Finally, two more interesting artifacts that are COVID-adjacent. First, this Planet Money episode about unemployment in the US in March explains why the system is not enough to address the economic depression that has started and will follow COVID 19. Next, this 10 Percent Happier Podcast episode about how to engage "corona-deniers" delves deeper into some of the ethics surrounding this whole situation. This was a very interesting piece, and I also recommend the 10 Percent Happier website (or other mindfulness apps and sites) to help in these stressful times.
Notes from March 31
I want to start this roundup with a great podcast episode from Brene Brown on grieving and finding meaning. Whether you realize it already or not, the world as we knew it is no more. This podcast was very provocative and provided some great insights on how to think about this pandemic and its consequences.
Now a quick tour around the world of COVID around the world.
Here I am compiling news articles about COVID 19 that connect in some way to things I discuss in my IR and comparative classes, or they are just articles that I thought were interesting. I am sharing these articles via email with students but thought I would also compile them here. There is little rhyme or reason for the articles, just things I stumble upon and think is worth sharing with my students. Below are the email messages copied and pasted to this blog.
I remember some time in the mid-2000s Michael Tierney came to one of my graduate classes at KU. While the focus of the conversation was, if I remember correctly, something about the principal agent model, the conversation eventually moved towards this IR Playlist he had been compiling. I think his visit was very early in this process, since according to Tierney's playlist page the original playlist came from Kate Weaver who was our IOs professor at KU at the time. This was early in my graduate school career (year one or two) but this idea sounded so cool to me that I kept going back to Tierney's website and using those songs when it fit my course schedule.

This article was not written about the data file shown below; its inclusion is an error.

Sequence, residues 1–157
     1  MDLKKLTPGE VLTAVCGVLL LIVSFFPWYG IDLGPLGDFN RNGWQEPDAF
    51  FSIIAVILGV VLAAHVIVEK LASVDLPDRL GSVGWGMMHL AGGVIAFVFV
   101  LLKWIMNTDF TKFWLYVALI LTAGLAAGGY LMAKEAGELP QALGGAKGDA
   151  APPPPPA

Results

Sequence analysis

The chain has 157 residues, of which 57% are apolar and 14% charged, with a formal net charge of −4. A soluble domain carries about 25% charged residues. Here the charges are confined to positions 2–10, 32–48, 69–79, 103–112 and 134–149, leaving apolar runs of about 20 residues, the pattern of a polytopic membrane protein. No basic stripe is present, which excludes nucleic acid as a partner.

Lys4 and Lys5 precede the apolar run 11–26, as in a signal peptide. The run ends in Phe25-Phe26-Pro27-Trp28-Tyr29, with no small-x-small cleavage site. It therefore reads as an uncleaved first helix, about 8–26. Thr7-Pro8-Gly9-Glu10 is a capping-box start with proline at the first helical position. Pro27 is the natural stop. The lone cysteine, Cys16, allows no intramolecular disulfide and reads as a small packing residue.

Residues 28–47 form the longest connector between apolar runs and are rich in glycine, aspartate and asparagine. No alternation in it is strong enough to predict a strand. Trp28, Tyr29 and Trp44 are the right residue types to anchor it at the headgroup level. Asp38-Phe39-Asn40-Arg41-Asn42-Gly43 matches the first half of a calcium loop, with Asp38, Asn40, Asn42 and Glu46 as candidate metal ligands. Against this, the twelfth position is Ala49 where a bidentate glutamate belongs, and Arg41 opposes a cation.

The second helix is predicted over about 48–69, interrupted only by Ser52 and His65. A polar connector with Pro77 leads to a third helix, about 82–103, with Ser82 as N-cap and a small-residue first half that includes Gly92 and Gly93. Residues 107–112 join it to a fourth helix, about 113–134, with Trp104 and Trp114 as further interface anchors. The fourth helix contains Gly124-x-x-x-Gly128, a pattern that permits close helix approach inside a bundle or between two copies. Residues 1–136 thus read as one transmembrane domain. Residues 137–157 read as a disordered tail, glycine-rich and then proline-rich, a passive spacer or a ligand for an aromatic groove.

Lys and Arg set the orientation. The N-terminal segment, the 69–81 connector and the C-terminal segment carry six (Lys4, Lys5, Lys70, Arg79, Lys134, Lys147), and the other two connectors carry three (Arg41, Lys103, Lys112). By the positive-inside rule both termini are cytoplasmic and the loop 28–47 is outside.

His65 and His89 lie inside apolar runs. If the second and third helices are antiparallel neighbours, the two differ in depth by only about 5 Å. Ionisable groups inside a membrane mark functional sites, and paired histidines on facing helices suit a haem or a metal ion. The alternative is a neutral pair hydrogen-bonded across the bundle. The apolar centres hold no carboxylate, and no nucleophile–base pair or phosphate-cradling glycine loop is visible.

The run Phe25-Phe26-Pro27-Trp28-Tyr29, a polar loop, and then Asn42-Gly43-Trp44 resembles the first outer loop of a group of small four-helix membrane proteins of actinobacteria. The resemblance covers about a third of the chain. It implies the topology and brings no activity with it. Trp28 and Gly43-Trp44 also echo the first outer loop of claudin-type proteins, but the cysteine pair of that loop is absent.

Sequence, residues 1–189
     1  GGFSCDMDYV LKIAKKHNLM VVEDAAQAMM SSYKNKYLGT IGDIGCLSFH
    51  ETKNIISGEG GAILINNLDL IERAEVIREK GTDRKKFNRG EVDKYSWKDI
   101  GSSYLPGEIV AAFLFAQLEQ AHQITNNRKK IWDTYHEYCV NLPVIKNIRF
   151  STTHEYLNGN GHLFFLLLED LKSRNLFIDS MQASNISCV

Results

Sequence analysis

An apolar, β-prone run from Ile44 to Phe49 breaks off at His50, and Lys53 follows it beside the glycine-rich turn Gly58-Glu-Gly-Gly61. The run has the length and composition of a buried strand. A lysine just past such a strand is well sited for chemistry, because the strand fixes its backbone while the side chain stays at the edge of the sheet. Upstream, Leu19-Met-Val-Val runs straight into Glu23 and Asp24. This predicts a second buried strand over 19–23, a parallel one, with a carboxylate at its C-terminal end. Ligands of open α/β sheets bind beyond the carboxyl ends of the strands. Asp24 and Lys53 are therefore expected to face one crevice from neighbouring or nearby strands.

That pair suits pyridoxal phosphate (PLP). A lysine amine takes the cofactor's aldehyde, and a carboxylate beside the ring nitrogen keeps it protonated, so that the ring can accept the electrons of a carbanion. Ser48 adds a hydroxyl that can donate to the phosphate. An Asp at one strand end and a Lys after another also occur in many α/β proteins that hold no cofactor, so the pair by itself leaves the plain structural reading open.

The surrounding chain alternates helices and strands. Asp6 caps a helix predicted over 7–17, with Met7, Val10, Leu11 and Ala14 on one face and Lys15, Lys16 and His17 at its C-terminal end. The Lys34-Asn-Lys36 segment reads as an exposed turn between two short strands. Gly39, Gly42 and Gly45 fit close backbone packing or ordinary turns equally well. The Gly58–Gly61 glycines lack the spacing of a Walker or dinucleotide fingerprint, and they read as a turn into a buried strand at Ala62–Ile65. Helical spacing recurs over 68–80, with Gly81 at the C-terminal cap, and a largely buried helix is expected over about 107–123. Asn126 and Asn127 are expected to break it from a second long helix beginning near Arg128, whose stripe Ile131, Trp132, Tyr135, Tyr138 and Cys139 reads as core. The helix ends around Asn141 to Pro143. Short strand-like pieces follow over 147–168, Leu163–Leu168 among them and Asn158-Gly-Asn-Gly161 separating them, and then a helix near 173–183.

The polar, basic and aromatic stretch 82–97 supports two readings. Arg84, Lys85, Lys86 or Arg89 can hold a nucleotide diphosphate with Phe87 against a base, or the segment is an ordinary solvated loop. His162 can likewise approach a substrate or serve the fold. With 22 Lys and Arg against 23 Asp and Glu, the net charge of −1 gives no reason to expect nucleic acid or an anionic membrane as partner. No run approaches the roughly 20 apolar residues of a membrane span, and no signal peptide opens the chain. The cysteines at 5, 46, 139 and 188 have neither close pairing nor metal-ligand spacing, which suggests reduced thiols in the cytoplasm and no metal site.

Fast forward many years, now I teach Intro to IR on a regular basis and Spotify exists. These last two years I have been trying to create a Spotify Playlist for all of my classes, sometimes I am more successful than other times. In last year's Global Gender Issues class I asked each student to share with me their "anthem" and I got introduced to A LOT of Lizzo, which was great for me! We started class with a song from the list and I asked whose song that was and why they chose it. It was not always related to the class, but it was a fun way to get introduced to "what the kids are listening these days" and get to know my students a bit.
This year I decided to do something more intentional in my Intro to IR, trying to make as many meaningful connections to the material as I could. I relied heavily on Tierney's playlist, but gave my own spin in some areas too. One of my colleagues asked me to share the playlist and the thought process for how the songs connect, so below I share the playlist and some of the rationale. Just like Tierney, I urge you to send me suggestions of other songs to add to the playlist, and other songs to connect to course material related to IR. I will add to this post as I use new songs and will include links to YouTube videos as I go (this is definitely procrastination from grading, so this will be a work in progress-probably forever).
So here are some of the connections (some of these connections are better than others):
I will update this list as I continue to "refine" my selections. I did not bring any feminist songs this year, but I have previously played various Pussy Riot songs, I would appreciate any other suggestions.
For my Global Gender Issues course this semester I created a page in our course management site with random thoughts of things that were on the news or things that reminded me of class, either directly or tangentially. I think it is important to make these connections to course work, even if some of these connections are really only happening in my mind. I don't think students really looked at this page much (it was somewhat hidden and the stuff here was not going to influence their grade). But I think for my next classes I want to do this more intentionally (even though it will likely still be occasional). I will dub these occasional posts "Shallow Thoughts," because it is a smorgasbord of things related to class in my mind, most with little thought beyond my first brain sparks that connect a thing to what we learned in class. This one is focused on pop culture, or culture that I end up consuming, not sure how popular it is...